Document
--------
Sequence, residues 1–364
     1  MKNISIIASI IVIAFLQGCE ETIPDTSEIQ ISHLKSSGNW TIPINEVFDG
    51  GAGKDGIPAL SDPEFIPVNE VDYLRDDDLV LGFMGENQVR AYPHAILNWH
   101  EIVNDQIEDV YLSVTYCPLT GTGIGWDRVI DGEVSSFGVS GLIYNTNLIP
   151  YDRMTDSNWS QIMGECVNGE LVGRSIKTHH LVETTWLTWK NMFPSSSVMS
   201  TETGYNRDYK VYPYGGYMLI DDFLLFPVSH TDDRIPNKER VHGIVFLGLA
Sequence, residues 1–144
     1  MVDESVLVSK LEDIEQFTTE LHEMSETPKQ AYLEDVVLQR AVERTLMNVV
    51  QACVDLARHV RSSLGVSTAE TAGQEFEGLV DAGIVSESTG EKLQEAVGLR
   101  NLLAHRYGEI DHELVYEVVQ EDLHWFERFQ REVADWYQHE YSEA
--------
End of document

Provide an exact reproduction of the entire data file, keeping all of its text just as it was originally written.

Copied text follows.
Sequence, residues 1–364
     1  MKNISIIASI IVIAFLQGCE ETIPDTSEIQ ISHLKSSGNW TIPINEVFDG
    51  GAGKDGIPAL SDPEFIPVNE VDYLRDDDLV LGFMGENQVR AYPHAILNWH
   101  EIVNDQIEDV YLSVTYCPLT GTGIGWDRVI DGEVSSFGVS GLIYNTNLIP
   151  YDRMTDSNWS QIMGECVNGE LVGRSIKTHH LVETTWLTWK NMFPSSSVMS
   201  TETGYNRDYK VYPYGGYMLI DDFLLFPVSH TDDRIPNKER VHGIVFLGLA
Sequence, residues 1–144
     1  MVDESVLVSK LEDIEQFTTE LHEMSETPKQ AYLEDVVLQR AVERTLMNVV
    51  QACVDLARHV RSSLGVSTAE TAGQEFEGLV DAGIVSESTG EKLQEAVGLR
   101  NLLAHRYGEI DHELVYEVVQ EDLHWFERFQ REVADWYQHE YSEA